Getting that information was the goal on Monday when the commission’s trade service began drafting plans for a system that would have obliged companies to simply flag their exports. It would also require firms to provide data for exports carried out since December, clearing up just how many doses Astra has already exported.
“We’re not planning to impose an export ban or export restrictions,” EU Trade Commissioner Valdis Dombrovskis told reporters on Tuesday. “It’s a matter of transparency.”
That was also the moment the Astra CEO chose to go on the offensive with an extensive interview to European newspapers including La Repubblica in Italy. He said the delays were partly due to the EU signing its supply contracts after the U.K. and rejected accusations of profiteering.
“I’m European, I have Europe at heart,” he said. “So we want to treat Europe as best we can. You know, we do this at no profit, remember?”
By Tuesday evening, pressure began to mount from Germany, first, and then France, for a more stringent approach.
By Wednesday morning the tensions between the two sides were so bad that they couldn’t even agree if a phone call scheduled for that evening was going ahead.
Soriot’s interview enraged officials and member states. Ambassadors were told at a briefing that day that the claims made by the Astra CEO were shocking and not in line with contractual obligations, a diplomatic note seen by Bloomberg says.
At a press conference later, health commissioner Stella Kyriakides rejected the drugmaker’s first come, first served arguments. “That may work at the neighborhood butchers, but not in contracts,” she said.
At that point, von der Leyen decided that the commission needed to flex its muscle and the focus shifted to a tougher regime that would oblige companies with contracts to supply the EU not just to notify, but to obtain permission before exporting doses outside the bloc.
Still, EU commissioners, who normally take decisions collectively, were deeply divided on whether to adopt it. Ultimately, the decision to go for a stronger approach was taken by von der Leyen and her cabinet.
And so began a mad rush to draft a plan ahead of a self-imposed Friday deadline. The haste and pressure to deliver led to a chain of blunders.
Reporters were invited to a technical briefing on Thursday before a proposal was even finalized, something the Commission almost never does.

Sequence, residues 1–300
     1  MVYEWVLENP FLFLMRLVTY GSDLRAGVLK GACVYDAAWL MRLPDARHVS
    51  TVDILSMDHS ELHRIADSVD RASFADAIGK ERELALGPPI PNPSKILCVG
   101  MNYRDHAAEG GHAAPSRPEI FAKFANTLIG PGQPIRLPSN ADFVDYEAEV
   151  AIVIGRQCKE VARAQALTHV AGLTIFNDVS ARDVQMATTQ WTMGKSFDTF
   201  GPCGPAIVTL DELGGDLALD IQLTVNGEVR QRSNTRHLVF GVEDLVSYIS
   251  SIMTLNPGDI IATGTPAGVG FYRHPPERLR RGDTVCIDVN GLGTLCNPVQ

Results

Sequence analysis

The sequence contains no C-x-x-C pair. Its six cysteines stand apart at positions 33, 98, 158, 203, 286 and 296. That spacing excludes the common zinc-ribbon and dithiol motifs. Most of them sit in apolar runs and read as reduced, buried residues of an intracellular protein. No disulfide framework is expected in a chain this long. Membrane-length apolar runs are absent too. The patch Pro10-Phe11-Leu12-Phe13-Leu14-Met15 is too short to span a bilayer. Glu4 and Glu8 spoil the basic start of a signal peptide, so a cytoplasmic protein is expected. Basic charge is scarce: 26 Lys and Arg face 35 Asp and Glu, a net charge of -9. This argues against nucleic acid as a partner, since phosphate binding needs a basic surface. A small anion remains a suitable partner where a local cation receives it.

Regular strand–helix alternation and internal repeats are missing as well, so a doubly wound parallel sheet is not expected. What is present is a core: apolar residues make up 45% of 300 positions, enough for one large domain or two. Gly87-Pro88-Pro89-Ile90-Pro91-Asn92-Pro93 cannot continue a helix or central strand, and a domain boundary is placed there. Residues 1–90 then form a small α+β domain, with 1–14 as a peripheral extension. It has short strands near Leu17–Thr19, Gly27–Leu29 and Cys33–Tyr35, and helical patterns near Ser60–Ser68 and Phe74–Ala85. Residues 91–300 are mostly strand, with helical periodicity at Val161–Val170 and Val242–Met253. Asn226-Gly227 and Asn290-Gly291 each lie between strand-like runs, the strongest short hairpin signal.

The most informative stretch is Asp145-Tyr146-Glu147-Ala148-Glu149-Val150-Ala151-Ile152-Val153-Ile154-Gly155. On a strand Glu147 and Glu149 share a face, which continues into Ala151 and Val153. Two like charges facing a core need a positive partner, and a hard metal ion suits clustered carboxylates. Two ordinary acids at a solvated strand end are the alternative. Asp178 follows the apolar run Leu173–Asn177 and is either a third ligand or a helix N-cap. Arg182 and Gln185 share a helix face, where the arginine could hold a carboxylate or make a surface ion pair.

On Friday morning, the EU published its contract with Astra, with confidential sections clumsily redacted in a way that meant the information was easily uncovered by amateur sleuths online. Dombrovskis and Kyriakides were wheeled out to present the new regulations before several elements, including its decision-making clauses, were properly fully firmed up.
While the crucial sections on Northern Ireland were a late addition to the document, all relevant senior officials had been involved and had sight of the plan before it went live. Final signoff was the responsibility of von der Leyen’s office.
Michel Barnier, who led Brexit negotiations, was not involved in the decision, a person familiar with the process said. Another said that other members of the Brexit task force only were called in at the end of the process and asked about how to notify the U.K. on a measure that had already been agreed.
When the mechanism finally hit the internet, Irish Taoiseach Micheal Martin and U.K. Prime Minister Boris Johnson were both outraged by the decision to usher in temporary export vaccine controls between the EU and Northern Ireland and voiced grave concerns.
Von der Leyen quickly spoke to both Martin and Johnson over the phone to try to clear things up. The EU removed the regulation from its website and was forced to backtrack in a statement just before midnight. Von der Leyen followed up with a series of late night tweets.
But the whole episode was red meat to the hard-line Brexit supporters in the U.K. Tom Tugendhat, a moderate MP from Johnson’s Conservative Party, said it had laid bare EU attitudes and shown how little goodwill there is.
While the EU’s executive arm won’t trigger the controversial clause, it didn’t entirely remove the threat, warning in its follow-up statement that it will consider using “all instruments” if the vaccine export bans are circumvented.
An updated version of the plan published on Saturday morning doesn’t include the sections on Northern Ireland, but does still hint at suspicions that Astra could exploit the Irish border as a back door to ship Covid-19 shots from the EU into the U.K.
Manufacturers will have to provide information on all vaccine doses distributed since Dec. 1, including those sent to Northern Ireland.
And von der Leyen is left to pick up the pieces after one of the most difficult episodes of her tenure.
Lucinda Creighton, a former minister for European affairs in Dublin, offered a succinct assessment of the week’s events.
“Disaster,” she said in a Twitter post.